Flipping Back in Time

AT&T, the Backflip, and Carrier Control of Android

As has been covered extensively online, AT&T's edition of the Motorola Backflip has disabled the ability to install third-party applications except via the Android Market. Presumably, the rationale is to make it more difficult to install applications that violate AT&T's terms of service, since AT&T can get Google to yank apps from the Android Market that violate those terms of service.

All of this is within AT&T's rights. About the only thing that could stop them — Google withholding the Android Market if third-party application sources were blocked — apparently did not happen. Otherwise, so long as Motorola was willing, AT&T is perfectly welcome to modify Android to disable this setting. That being said, I am not aware of any other firm blocking this setting, and it may be that the Backflip sold to other carriers does not have the limitation.

This situation is unlikely to remain static, however.

First, you can still install apps on the AT&T Backflip beyond those in the Market. Right now, it involves installing the Android SDK, which is a bit heavyweight for the problem. However, somebody who has this itch to scratch will not find it too tough to create a stripped-down app installer, packaging only the pieces of the SDK that are needed for the task. Most, if not all, of those pieces are even open source. This might even be considered useful beyond the Backflip, for people who prefer to download their apps via desktop browsers and install them via USB, instead of pecking away at tiny keyboards to accomplish the same end on-device.

Second, this will accelerate attempts to hack the Backflip, either to allow full root access, or at least to find a way to flip the setting. There is a good chance that the only change was made to the settings user interface, and that the setting itself is still in there. While changing that setting cannot be accomplished through the SDK without firmware privileges, there may be ways around that limitation. After all, far more has been accomplished. This is far from an ideal solution, of course — you may be served by just getting a different device — but I am sure there are some in the community who view AT&T's moves as an attack, or at least an opportunity to flex their Android firmware sleuthing skills.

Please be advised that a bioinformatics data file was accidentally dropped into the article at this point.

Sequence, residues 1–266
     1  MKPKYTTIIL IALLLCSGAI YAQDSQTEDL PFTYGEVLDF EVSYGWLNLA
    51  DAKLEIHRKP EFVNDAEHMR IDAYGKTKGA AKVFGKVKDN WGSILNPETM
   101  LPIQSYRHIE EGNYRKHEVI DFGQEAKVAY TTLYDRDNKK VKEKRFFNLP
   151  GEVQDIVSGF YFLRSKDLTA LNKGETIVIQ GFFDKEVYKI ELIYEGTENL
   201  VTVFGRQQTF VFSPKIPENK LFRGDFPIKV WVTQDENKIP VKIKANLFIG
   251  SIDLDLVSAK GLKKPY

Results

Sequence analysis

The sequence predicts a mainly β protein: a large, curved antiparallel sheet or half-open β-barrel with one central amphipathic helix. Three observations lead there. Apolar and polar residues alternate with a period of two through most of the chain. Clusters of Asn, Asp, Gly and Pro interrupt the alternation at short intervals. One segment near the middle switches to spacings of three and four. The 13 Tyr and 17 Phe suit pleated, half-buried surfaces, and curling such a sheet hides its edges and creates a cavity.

The danger is this becoming commonplace. Part of the (somewhat unrealized) potential of Android is the fact that you are not limited to the Android Market. In fact, I find it quite disappointing that Google considers this freedom to be optional — had Google withheld the Android Market from AT&T, I suspect AT&T would have backed down.

One of the best ways to counteract this threat, therefore, is to work to have non-Market options that are popular and compelling. The only reason Google might have been able to force third-party installs to be allowed is by withholding the Market. The reason we, the community, might be able to force third-party installs to be allowed is to make it moronic to ship a device lacking that capability, because users would think the device to be too limited. Right now, most AT&T Backflip users probably are not missing this feature, and while that is good for AT&T and Motorola, it is bad for Android.

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